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U.S. Department of Interior Provides $1.3 Million To Virgin Islands To Protect Coral Reefs

WASHINGTON — Doug Domenech, U.S. Department of the Interior Assistant Secretary, Insular and International Affairs, this week approved $1,345,256 in fiscal year 2018 grant funding under the Coral Reef and Natural Resources initiative to the U.S. territories and the freely associated states, according to a release issued Friday. Office of Insular Affairs Director Nikolao Pula was in American Samoa this week to co-chair the 40th U.S. Coral Reef Task Force Meeting where he announced the funding.

“The Assistant Secretary and I are pleased to provide these grants to the U.S. territories and the freely associated states and help protect coral reefs and marine resources,” Pula said. “From rehabilitation of corals, to outreach, restoration, and removal of invasive species and pests, these projects support an important aspect economies and livelihood for people in the islands.”

The U.S. Virgin Islands Division of Coastal Zone Management received $122,791 to support coral restoration and coral nursery operations, and participation in the U.S. Coral Reef Task Force Meetings.

American Samoa Coral Reef Advisory Group received $173,200 to restore and rehabilitate coral reefs at the Ofu-Olosega islands in American Samoa that have been damaged by an algae outbreak of Valonia fastigiata. Project managers will be working closely with the National Park Service.

Commonwealth of the Northern Mariana Islands Bureau of Environmental and Coastal Quality received $166,949 to support several projects including 1) participation in the U.S. Coral Reef Task Force Meetings; 2) Laolao Watershed Management Plan Development; and 3) the Coral Nursery Development Project.

Guam Bureau of Statistics and Plans – $220,231 to support several projects including 1) Marine Tour Operator Workshop; 2) Coral Reef Management; 3) Coral Reef Conservation Outreach and Education; 4) Removal of an invasive bamboo plant, Bambusa vulgaris from priority watershed areas; 5) the Tasi Guides Program; and 6) the geotechnical investigation of rainfall-induced landslides in Piti-Asan watershed.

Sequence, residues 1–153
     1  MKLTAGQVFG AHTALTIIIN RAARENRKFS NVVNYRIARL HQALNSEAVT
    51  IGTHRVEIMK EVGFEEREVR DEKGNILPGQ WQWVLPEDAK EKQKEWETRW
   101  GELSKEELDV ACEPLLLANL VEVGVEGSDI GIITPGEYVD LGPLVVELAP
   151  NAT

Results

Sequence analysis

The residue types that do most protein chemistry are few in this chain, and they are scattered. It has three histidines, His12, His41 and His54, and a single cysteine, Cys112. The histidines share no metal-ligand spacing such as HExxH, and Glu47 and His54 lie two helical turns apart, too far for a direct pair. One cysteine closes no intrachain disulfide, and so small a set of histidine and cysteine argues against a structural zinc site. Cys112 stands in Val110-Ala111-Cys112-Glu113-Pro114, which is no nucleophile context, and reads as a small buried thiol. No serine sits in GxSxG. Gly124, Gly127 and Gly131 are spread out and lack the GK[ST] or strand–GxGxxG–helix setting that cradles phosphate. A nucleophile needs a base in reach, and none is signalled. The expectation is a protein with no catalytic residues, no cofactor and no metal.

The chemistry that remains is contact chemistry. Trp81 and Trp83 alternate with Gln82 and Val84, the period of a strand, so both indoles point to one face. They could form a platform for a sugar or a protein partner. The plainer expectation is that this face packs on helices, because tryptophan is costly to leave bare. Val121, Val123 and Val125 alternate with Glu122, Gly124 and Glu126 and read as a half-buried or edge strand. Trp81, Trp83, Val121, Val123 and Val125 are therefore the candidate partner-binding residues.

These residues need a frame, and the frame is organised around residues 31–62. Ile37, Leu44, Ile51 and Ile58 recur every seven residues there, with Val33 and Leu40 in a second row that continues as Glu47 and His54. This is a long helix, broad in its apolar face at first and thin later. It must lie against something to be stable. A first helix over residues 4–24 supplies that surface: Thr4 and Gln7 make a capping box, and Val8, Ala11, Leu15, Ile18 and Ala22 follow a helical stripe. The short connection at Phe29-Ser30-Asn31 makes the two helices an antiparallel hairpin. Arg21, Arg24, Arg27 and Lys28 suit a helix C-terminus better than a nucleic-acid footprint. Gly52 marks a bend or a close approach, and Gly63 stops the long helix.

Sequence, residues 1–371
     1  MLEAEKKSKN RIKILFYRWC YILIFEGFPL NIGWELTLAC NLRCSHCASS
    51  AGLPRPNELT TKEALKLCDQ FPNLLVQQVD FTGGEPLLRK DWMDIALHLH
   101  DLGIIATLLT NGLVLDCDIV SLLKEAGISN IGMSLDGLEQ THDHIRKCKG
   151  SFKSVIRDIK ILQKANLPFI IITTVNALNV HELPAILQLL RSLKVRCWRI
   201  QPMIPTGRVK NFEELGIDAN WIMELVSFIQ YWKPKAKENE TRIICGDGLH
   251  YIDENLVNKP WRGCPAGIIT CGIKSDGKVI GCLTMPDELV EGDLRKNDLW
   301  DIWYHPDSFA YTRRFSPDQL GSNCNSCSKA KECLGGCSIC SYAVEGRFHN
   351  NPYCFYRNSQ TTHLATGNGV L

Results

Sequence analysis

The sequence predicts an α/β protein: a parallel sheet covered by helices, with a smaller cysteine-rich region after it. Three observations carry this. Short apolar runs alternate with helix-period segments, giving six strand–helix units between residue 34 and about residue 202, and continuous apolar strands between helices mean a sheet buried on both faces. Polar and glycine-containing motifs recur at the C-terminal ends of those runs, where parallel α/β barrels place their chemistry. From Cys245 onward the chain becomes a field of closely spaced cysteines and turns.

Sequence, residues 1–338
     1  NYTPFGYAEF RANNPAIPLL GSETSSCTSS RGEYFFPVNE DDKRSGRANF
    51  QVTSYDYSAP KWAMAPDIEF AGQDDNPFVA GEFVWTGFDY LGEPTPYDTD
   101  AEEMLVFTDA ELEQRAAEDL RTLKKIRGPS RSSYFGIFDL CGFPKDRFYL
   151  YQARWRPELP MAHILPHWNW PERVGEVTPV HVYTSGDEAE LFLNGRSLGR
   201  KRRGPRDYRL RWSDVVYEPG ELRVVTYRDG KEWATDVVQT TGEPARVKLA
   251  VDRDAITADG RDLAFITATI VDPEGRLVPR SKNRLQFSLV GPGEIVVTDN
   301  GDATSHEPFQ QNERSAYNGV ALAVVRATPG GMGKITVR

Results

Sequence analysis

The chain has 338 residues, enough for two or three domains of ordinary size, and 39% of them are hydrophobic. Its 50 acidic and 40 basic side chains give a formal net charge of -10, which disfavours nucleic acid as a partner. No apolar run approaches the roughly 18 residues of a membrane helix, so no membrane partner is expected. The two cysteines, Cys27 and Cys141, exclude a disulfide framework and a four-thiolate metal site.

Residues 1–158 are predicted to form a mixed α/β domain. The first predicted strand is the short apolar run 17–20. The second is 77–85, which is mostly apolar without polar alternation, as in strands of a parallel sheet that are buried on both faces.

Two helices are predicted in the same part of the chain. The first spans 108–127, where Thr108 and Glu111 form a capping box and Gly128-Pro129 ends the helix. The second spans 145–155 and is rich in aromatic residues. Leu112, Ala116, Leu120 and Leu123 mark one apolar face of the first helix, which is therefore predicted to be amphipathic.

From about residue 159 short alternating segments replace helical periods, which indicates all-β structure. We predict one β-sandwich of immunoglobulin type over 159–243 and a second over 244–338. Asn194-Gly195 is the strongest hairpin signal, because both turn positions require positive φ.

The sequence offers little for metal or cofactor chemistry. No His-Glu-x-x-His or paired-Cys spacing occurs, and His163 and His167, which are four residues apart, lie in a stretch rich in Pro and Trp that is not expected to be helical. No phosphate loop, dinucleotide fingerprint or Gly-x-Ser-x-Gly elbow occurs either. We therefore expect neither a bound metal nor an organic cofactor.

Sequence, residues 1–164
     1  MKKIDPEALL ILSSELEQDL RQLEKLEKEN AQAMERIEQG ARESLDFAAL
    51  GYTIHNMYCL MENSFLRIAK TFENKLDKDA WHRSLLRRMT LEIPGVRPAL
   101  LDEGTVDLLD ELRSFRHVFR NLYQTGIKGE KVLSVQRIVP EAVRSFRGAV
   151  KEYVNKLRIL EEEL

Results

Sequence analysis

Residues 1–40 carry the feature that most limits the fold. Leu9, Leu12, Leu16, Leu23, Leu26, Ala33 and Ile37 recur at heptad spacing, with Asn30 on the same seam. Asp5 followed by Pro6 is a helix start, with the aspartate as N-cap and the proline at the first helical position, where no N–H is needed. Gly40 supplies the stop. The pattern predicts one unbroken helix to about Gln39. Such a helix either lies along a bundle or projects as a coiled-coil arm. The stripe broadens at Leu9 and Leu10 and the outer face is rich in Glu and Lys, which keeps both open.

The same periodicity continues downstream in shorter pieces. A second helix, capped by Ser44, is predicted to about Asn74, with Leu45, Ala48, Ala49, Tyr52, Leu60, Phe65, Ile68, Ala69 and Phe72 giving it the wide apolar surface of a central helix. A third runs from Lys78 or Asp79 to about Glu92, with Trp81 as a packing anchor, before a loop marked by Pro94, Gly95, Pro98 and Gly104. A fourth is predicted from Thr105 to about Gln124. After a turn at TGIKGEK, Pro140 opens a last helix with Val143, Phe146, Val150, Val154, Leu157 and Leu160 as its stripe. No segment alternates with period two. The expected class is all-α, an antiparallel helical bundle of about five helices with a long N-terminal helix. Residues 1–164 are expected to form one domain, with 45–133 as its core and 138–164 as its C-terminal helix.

Women’s Aquaculture Farming Initiative, Republic of the Marshall Islands – $134,582 to support a Women’s Coral Farming initiative in Mili and Arno Atolls to grow hard and soft corals for local use and to ensure protection of wild coral reef resources.

The Hawai’i State Museum of Natural and Cultural History and the Palau International Coral Reef Center – $185,503 to establish biology-based regulations for the sustainable harvest of reef fishes in the Republic of Palau, build research capacity in Palau to develop the sustainable use of coral reef fishes, and help meet the subsistence and artisanal fishing needs of Palau residents.

Mariana Islands Nature Alliance – $142,000 to support the Tasi Watch Ranger Program which was developed to build and strengthen CNMI youth and community’s involvement in management of coastal and near-shore marine resources. This project includes efforts to remove invasive tangan tangan trees, leucocephala, and restore native species of trees and plants that were lost during Typhoon Saudelor in 2015.

Earlier this year, $200,000 was provided to support the 2018-2020 National Coral Reef Management Fellowship Program in American Samoa, Guam, the Commonwealth of the Northern Mariana Islands, and the U.S. Virgin Islands, according to the release.

Funds are made available through the Department of the Interior’s Office of Insular Affairs’ Coral Reef and Natural Resources Initiative. Applications are generally submitted from October through May 1st each year. Funds are awarded once OIA receives appropriations from the U.S. Congress until they are exhausted.

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The Author

John McCarthy

John McCarthy

John McCarthy has been reporting on the U.S. Virgin Islands since 1989. He is originally from Detroit, Michigan.

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